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  43. S. J. Prokhovnik & W. T. Morris (1989). The Physical Basis of Astronomical Aberration. Foundations of Physics 19 (5):531-539.
    The mechanism of stellar aberration was explained and formulated by Bradley in terms of the existence of a unique reference frame for light propagation. However, Einstein's denial of the existence of such a frame appears to undermine Bradley's interpretation of the phenomenon. It is suggested that the recent evidence for a cosmologically-based inertial reference frame provides a new physical basis for Bradley's explanation in a manner consistent with the requirements of special relativity. It is shown that a “delay” effect is (...)
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  44. D. J. Raine (1986). GINGERICH, OWEN (Ed.) [1984]: Astrophysics and Twentieth-Century Astronomy to 1950, The General History of Astronomy, Vol. 4A. Cambridge University Press. Pp. X+198 (ISBN 0-521-24256-8). [REVIEW] British Journal for the Philosophy of Science 37 (4):510-513.
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  45. Carlo Rovelli (2011). Che Cos'è la Scienza: La Rivoluzione di Anassimandro. Mondadori Università.
    All human civilizations have thought that the world was made of sky above and the Earth below. All except one. For the Greeks, the Earth was a rock floating in space, and under the earth there was no ground, no turtles, nor the gigantic columns of which the Bible speaks. How did the Greeks understand that the Earth is suspended in nothingness? Who understood this and how? It is this unique "scientific revolution" of Anaximander of which the author speaks, which (...)
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  46. Robert J. Rovetto (2016). The Space Object Ontology. 2016 1.
    This paper develops the ontology of space objects for theoretical and computational ontology applied to the space (astronautical/astronomical) domain. It follows “An ontological architecture for Orbital Debris Data” (Rovetto, 2015) and “Preliminaries of a Space Situational Awareness Ontology” (Rovetto, Kelso, 2016). Important considerations for developing a space object ontology, or more broadly, a space domain ontology are presented. The main category term ‘Space Object’ is analyzed from a philosophical perspective. The ontological commitments of legal definitions for artificial space objects are (...)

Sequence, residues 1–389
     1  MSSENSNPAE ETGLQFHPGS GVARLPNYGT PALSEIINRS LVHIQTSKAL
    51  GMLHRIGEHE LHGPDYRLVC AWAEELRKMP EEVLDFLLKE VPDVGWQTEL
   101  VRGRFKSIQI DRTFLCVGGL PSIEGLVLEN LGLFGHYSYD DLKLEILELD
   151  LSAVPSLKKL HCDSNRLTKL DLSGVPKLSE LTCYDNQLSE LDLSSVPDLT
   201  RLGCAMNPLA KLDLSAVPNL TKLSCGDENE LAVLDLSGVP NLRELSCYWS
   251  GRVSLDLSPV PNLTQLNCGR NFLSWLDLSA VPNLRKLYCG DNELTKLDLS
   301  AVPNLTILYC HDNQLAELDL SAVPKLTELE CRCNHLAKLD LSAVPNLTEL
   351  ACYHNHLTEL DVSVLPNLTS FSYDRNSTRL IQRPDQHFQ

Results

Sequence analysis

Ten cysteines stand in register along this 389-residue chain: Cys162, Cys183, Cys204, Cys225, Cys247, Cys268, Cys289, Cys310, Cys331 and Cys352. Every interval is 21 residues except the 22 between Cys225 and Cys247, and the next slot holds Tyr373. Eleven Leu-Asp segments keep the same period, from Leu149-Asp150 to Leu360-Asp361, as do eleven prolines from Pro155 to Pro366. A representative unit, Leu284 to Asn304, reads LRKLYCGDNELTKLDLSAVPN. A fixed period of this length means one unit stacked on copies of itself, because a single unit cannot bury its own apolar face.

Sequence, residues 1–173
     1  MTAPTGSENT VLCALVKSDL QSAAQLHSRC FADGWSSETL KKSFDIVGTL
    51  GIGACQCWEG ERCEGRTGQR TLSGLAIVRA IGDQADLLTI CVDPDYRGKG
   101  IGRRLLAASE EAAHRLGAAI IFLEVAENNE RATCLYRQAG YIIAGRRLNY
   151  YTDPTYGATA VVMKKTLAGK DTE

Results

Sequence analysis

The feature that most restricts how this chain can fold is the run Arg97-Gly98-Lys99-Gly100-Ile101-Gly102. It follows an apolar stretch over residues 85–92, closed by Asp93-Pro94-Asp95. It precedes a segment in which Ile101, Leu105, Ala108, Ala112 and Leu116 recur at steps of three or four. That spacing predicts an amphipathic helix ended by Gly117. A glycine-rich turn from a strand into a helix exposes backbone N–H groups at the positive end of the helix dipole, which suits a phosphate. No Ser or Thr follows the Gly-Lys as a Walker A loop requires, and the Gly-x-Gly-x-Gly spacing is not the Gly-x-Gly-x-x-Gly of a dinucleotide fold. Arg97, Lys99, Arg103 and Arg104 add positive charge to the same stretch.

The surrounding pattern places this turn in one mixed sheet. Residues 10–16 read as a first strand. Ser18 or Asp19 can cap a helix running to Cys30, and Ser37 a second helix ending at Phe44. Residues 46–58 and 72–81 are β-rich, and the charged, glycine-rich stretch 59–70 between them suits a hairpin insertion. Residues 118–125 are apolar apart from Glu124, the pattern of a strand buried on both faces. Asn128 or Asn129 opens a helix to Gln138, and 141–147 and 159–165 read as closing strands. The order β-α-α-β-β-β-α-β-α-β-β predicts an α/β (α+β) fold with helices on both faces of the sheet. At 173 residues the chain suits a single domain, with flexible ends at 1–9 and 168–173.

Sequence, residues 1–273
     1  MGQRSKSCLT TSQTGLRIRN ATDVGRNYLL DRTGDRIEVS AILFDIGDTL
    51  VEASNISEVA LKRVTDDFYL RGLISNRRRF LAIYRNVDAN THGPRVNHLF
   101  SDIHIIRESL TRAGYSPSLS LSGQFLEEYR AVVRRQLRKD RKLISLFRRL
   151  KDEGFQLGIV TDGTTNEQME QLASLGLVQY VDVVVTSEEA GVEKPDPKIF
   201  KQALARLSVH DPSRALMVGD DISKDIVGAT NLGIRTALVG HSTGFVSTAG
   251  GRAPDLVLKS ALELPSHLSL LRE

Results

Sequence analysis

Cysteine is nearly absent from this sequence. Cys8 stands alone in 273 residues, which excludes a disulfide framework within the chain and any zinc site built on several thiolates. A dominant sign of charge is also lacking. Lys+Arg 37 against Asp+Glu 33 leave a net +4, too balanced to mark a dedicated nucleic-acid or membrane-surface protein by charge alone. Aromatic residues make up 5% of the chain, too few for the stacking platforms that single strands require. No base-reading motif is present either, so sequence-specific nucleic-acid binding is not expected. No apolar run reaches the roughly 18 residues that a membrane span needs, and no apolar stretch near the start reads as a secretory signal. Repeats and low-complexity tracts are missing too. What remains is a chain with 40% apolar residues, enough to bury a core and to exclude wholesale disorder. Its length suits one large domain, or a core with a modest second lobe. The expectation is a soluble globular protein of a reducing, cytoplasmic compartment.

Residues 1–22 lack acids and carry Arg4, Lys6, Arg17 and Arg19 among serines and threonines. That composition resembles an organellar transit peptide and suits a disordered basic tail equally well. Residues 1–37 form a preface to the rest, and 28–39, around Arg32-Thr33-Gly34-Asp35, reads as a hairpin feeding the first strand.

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  47. Robert J. Rovetto (2016). Defending Spaceflight - The Echoes of Apollo. Space Policy 38:68-78.
    This paper defends, and emphasizes the importance of, spaceflight, broadly construed to include human and unmanned spaceflight, space science, exploration and development. Within this discourse, I provide counter-replies to remarks by physicist Dr. Steven Weinberg against my previous support of human spaceflight. In this defense of peaceful spaceflight I draw upon a variety of sources. Although a focus is human spaceflight, human and unmanned modes must not be treated as an either-or opposition. Rather, each has a critical role to play (...)
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  48. Robert J. Rovetto (2016). Orbital Space Environment and Space Situational Awareness Domain Ontology. In Stefano Borgo, Jean-Rémi Bourguet & Adrien Barton (eds.), CEUR workshop proceedings of The Joint Ontology Workshops, with the 9th International Conference of Formal Ontology for Information Systems (FOIS), Early Career Symposium. CEUR Scientific Workshops.
    A short summary paper of my Orbital Space Domain Ontology project (purl.org/space-ontology), originally conceived in 2011. Since then I've sought (without success) opportunities to realize it (either as a PhD or other degree thesis; or in an employment position) toward my original passion of entering the space sector and gaining further space education. Since then persons in the relevant space disciplines have seen the potential in it, and unfortunately some have taken advantage of my ideas yet excluded me from work. (...)
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  49. Robert J. Rovetto (2015). An Ontological Architecture for Orbital Debris Data. Earth Science Informatics:1-16.
    The orbital debris problem presents an opportunity for inter-agency and international cooperation toward the mutually beneficial goals of debris prevention, mitigation, remediation, and improved space situational awareness (SSA). Achieving these goals requires sharing orbital debris and other SSA data. Toward this, I present an ontological architecture for the orbital debris and broader SSA domain, taking steps in the creation of an orbital debris ontology (ODO). The purpose of this ontological system is to (I) represent general orbital debris and SSA domain (...)
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  50. Robert J. Rovetto & T. S. Kelso (2016 Feb). Preliminaries of a Space Situational Awareness Ontology. In Renato Zanetti, Ryan P. Russell, Martin T. Oximek & Angela L. Bowes (eds.), Proceedings of AAS/AIAA Spaceflight Mechanics Meeting, in Advances in the Astronautical Sciences. Univelt Inc.. pp. 4177-4192.
    Space situational awareness (SSA) is vital for international safety and security, and for the future of space travel. The sharing of SSA data and information should improve the state of global SSA for planetary defense and spaceflight safety. I take steps toward a Space Situational Awareness (SSA) Ontology, and outline some central objectives, requirements and desiderata in the ontology development process for this domain. The purpose of this ontological system is to explore the potential for the ontology research topic to (...)